Friday, July 29, 2011

A Kind of Time Machine, Part II

Note: This is the second post in a series. Part I can be found here, and the final part of this particular series will appear next Friday.

Last week I mentioned the vast array of books that can be found inside of a library. I also mentioned how stepping inside of a library is much like stepping inside a time machine. You can pull many books off the shelf and virtually travel anywhere. Those destinations can include historical locations, modern-day locations, outer space, and even imaginary worlds.

Each book has its limitations, however. For example, history books look backwards in time while works of fiction might speculate on how the future might turn out. Likewise, a modern day picture book of Israel will only tell you what it looks like right now, as opposed to what it may look like in one hundred years.

So is there a book out there that is a kind of "time machine" that will let you go back and forth through time? Is there a book that will give you a glimpse of what a city looked like in the past and what it will look like in the future?

It turns out there is such a book.

This book contains historical narratives, fufilled and unfufilled prophecies, and can speak to a reader right where they are at in life. A reader can do side-by-side comparisions of how a city looked in the past and how it will look in the future (for example, Jerusalem). A reader can then go and look up archaelogical evidence to substantiate what is written in the book.

As Chuck Missler often famously says, this book is a message written to us from "outside our time domain." It's a book that goes both forward and backward in time at the mere flip of a page, and in many places, in a matter of few lines.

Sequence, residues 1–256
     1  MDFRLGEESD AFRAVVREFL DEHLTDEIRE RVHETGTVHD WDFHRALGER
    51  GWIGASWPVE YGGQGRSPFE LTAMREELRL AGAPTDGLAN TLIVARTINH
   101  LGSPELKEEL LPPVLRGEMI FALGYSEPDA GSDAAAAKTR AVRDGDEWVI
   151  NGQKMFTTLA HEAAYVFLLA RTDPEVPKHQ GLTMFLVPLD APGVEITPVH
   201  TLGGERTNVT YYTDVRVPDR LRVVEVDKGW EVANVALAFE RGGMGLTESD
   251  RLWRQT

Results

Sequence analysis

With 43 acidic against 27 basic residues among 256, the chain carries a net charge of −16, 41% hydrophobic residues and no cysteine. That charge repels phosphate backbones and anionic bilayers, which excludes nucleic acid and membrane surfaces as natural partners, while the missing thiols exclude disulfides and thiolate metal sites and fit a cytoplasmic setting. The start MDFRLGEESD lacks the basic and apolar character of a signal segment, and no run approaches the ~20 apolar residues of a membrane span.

Here's the curious part, though. In several places, it's as if the Author relishes those moments when history, prophecy, and current events are converge in a handful of verses. For example, take a look at this set of verses from Luke 17:26-32 (NKJV):
[Jesus speaking] "And as it was in the days of Noah, so it will be also in the days of the Son of Man: They ate, they drank, they married wives, they were given in marriage, until the day that Noah entered the ark, and the flood came and destroyed them all. Likewise as it was also in the days of Lot: They ate, they drank, they bought, they sold, they planted, they built; but on the day that Lot went out of Sodom it rained fire and brimstone from heaven and destroyed them all. Even so will it be in the day when the Son of Man is revealed.
In that day, he who is on the housetop, and his goods are in the house, let him not come down to take them away. And likewise the one who is in the field, let him not turn back. Remember Lot’s wife."
Noah's ark? Lot's wife? Verse 32 is, of course, a reference to Genesis 19:26 when Lot's wife looked back at the destruction and became a pillar of salt. In a couple of paragraphs we go back in time (twice) and then look forward to the second coming...and all the while he is talking to a particular audience. Yet it all still applies to where we are at today.


But wait...there's more. The book is filled with these kinds of moments, and sometimes these types of verses appear in the most unusual places. It's as if the Author anticipated that the book would someday run the risk of being fragmented. What's remarkable is that the message still comes trough, despite potential attempts at "jamming" it.

Next Friday, we'll conclude our brief tour of "time machines" with some thoughts about how electronic reading devices may be affecting this message and this type of "time travel".

Photo courtesy of Gadgets N Gear.

No comments:

Post a Comment